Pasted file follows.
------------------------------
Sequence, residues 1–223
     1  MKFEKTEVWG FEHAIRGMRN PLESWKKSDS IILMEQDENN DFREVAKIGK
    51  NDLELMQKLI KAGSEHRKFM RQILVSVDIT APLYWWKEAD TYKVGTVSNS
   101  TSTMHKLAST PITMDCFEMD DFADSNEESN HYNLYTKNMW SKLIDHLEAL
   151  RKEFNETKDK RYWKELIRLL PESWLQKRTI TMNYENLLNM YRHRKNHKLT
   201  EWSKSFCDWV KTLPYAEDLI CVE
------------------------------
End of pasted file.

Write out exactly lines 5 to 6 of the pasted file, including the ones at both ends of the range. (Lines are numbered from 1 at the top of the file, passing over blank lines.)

   151  RKEFNETKDK RYWKELIRLL PESWLQKRTI TMNYENLLNM YRHRKNHKLT
   201  EWSKSFCDWV KTLPYAEDLI CVE